"As a young man I was a pretty average kid," Dailey said. "I did well in school, but I wasn't the valedictorian. I was somewhere in the middle of the class. I played high school sports. But I wasn't a superstar athlete. I couldn't play in the band -- because I don't have any musical talent at all. I'm even average by military standards: 5-foot 9-inches, and 161 pounds, as of this morning. I checked. By all accounts I was a poor, average kid from Northeastern Pennsylvania.

"How does a middle-of-the-road guy make it to this rank? To represent the finest fighting forces the world has known?" he asked. "The answer is simple. It's sitting in the seats in front of me. It's leadership -- leadership from great Soldiers, non-commissioned officers and officers that I served with over the years. These are the people who make Army leaders."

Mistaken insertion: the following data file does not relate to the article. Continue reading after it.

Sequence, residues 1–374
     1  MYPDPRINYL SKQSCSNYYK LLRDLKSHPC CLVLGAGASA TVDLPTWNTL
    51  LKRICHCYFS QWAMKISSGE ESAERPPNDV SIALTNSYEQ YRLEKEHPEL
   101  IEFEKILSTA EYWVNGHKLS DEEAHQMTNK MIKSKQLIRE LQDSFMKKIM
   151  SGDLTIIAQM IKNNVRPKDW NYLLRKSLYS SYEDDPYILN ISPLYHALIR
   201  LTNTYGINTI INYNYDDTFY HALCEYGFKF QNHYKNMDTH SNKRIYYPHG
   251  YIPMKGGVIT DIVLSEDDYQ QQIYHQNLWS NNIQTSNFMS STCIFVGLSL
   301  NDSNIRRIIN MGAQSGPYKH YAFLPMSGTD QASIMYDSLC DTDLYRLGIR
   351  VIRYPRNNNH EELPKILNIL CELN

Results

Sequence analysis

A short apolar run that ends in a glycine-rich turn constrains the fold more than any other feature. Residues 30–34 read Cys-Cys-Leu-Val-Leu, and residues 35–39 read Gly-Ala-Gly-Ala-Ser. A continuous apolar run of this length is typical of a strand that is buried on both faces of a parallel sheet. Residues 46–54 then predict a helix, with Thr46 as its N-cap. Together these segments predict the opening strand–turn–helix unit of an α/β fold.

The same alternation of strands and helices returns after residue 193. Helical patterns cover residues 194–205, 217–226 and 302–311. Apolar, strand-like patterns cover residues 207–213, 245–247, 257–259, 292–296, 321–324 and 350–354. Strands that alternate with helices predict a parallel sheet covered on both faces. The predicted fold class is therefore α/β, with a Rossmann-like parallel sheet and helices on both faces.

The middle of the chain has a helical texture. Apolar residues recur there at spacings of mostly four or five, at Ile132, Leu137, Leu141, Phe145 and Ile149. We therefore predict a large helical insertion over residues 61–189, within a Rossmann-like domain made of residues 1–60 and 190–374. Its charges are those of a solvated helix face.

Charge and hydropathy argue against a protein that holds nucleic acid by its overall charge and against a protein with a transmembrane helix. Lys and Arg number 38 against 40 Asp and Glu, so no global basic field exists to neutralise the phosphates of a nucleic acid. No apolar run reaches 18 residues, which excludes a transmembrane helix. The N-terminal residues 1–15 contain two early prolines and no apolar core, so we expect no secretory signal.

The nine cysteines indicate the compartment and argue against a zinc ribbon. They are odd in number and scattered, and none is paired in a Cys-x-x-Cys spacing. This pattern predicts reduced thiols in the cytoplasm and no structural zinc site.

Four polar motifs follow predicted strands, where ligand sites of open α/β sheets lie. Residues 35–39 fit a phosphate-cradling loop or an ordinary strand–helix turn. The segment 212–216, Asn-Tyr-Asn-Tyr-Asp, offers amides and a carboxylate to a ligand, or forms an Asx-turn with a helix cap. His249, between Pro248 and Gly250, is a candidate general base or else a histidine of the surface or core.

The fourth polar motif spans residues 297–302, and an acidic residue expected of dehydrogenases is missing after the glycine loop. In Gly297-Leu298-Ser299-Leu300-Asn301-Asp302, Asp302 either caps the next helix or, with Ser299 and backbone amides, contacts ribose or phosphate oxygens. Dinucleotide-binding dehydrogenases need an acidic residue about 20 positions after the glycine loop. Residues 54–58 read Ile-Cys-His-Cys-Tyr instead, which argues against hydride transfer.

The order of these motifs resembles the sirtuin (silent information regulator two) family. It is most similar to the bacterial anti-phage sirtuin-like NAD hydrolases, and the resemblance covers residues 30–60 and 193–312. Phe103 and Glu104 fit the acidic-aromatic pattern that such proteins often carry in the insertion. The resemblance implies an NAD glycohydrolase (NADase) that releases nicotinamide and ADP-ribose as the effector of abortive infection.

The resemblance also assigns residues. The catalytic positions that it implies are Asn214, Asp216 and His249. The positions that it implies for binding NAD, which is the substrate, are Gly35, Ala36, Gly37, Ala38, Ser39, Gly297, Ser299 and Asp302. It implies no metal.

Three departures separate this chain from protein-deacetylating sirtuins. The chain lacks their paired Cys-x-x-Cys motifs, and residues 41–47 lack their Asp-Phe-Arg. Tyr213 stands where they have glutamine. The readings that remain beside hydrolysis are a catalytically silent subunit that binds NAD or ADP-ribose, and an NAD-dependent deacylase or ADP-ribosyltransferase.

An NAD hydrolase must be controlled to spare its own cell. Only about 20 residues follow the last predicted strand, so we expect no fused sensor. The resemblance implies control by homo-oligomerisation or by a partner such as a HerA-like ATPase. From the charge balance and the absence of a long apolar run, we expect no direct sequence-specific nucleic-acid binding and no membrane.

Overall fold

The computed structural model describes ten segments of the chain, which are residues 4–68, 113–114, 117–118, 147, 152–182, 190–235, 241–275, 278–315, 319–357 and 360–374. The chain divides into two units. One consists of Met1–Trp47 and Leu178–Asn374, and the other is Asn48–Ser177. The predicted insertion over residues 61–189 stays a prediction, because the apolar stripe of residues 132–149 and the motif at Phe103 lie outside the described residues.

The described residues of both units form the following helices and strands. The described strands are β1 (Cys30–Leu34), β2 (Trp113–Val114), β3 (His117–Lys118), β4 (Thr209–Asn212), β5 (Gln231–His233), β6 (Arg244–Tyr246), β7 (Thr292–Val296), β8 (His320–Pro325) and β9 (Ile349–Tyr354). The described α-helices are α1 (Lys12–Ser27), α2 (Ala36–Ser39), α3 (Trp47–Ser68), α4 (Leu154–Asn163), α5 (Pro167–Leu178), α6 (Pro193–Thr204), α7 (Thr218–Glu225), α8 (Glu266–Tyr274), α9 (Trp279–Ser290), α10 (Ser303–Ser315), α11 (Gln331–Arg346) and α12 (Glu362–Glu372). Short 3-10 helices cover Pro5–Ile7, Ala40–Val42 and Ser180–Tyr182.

Daily said leadership is not born, but is rather built.

"I am merely a product of the best the Army has ever had to offer," he said. "I am grateful for that."

Dailey thanked both the officer and enlisted Soldiers who helped shape his career, as well as civilians in government and those from his home town, including his high school principal. Dailey also thanked his mother for developing in him and his brothers "the ethical and moral foundations we needed. Mom, thank you and I love you."

He also thanked his father, an Army veteran who recently passed away. "He taught us boys a strong work ethic and discipline. And he ensured we all had a sense of patriotism. Dad, rest well, and the boys are all okay."